A new data center has provided an opportunity for two higher education institutions in New York to share IT services and collaborate.
The University of Albany and Hudson Valley Community College reached an agreement last month to share space in the latter’s data center and establish a fiber link between the two schools. The project should enable both schools to provide better and more efficient IT services to their campuses.
Hudson Valley Community College built its data center earlier this year, and the University of Albany needed to find a way to back up its data off campus. So the pairing was a natural fit. The fiber installation and university data backup in the warehouse should be completed by December.
According to University of Albany CIO Christine Haile, the university had been at a crossroads regarding its data storage. A large financial investment was needed to bring its old storage room up to data center standards. But after looking at commercial providers and other state agencies, the options weren’t appealing.
But partnering with Hudson Valley Community College to share its data center is just the kind of project the State University of New York (SUNY) is encouraging.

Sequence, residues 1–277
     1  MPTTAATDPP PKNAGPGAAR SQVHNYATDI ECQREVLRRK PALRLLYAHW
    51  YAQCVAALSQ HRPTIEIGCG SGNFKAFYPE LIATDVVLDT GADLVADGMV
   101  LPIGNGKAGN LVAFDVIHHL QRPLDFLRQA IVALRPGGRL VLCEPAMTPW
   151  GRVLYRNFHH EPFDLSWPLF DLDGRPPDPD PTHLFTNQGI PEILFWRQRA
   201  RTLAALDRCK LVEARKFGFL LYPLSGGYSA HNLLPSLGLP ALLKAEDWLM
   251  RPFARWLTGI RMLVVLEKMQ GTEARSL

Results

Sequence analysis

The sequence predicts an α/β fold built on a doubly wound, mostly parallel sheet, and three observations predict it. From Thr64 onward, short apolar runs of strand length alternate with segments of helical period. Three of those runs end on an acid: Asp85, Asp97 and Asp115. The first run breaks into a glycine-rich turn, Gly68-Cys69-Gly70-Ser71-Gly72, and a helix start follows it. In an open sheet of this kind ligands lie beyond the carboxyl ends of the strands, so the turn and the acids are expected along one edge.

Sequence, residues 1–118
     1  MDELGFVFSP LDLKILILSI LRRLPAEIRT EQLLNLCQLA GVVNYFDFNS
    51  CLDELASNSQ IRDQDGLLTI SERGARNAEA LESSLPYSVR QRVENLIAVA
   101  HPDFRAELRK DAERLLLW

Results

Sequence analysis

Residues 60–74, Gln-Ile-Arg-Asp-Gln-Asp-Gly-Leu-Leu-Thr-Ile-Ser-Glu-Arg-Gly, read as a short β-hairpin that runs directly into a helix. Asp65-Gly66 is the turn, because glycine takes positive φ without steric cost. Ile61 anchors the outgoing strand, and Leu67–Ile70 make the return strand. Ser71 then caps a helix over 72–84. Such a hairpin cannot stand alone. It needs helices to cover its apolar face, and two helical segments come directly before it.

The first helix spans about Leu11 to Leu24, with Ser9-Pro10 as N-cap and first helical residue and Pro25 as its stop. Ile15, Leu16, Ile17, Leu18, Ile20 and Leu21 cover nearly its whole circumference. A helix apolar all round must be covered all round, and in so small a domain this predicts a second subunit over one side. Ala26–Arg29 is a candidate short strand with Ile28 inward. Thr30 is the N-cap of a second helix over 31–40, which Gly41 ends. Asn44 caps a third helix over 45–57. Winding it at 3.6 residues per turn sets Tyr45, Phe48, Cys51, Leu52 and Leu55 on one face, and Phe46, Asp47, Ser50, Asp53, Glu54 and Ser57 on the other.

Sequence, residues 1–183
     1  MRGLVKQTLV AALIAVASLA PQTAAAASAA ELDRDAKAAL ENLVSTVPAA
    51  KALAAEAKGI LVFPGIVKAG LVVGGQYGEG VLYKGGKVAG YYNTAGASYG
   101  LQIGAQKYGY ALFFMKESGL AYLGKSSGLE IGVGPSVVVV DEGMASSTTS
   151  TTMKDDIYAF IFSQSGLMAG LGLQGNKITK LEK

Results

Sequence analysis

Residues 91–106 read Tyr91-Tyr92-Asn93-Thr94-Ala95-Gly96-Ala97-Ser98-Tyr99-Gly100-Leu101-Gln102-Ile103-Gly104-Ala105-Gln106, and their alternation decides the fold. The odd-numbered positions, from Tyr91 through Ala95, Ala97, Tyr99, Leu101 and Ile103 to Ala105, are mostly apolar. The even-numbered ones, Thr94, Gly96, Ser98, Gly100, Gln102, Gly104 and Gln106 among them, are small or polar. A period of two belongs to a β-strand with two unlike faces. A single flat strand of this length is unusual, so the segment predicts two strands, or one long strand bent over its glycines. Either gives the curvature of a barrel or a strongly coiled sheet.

System-wide collaboration and sharing is part of Chancellor Nancy L. Zimpher's strategic plan for the 64 SUNY institutions. While SUNY campuses have been collaborating and creating system-wide software contracts for more than 20 years, the chancellor's message and the budget situation over the last four years have caused universities to look for even more ways to collaborate, Haile said.
"The shared services I think work really effectively when there's a very specific need that one or both institutions have," Haile added.
Two months ago, Hudson Valley Community College CIO Steve Chen created a SUNY Emerging and Innovative IT R&D group for CIOs across the system. In this group, CIOs plan to examine emerging technologies and make recommendations for services that their institutions can adopt. These recommendations will create a single standard for SUNY institutions and reduce the cost of providing similar technology services.
"My philosophy is one CIO cannot do all," Chen said. "Share leadership, share vision, share the service, and share the cost, and in the end improve the services and provide better and up-to-date technology for all students, faculty and staff within the SUNY system."
In monthly collaboration sessions, Chen and Haile are meeting with some of their IT staff to learn from each other and identify potential areas where they can collaborate. Haile felt that by openly welcoming each other and working together, shared services agreements like the new data center arrangement will be sustainable.
"It's just really important for – and success is going to be based on – the relationships and the trust that's built among CIOs and IT staff and their organizations," Haile said. "I think always the comfort level and the success of a collaboration is based on the participants more than the technologies. Collaboration is something that has to be worked at on an ongoing basis."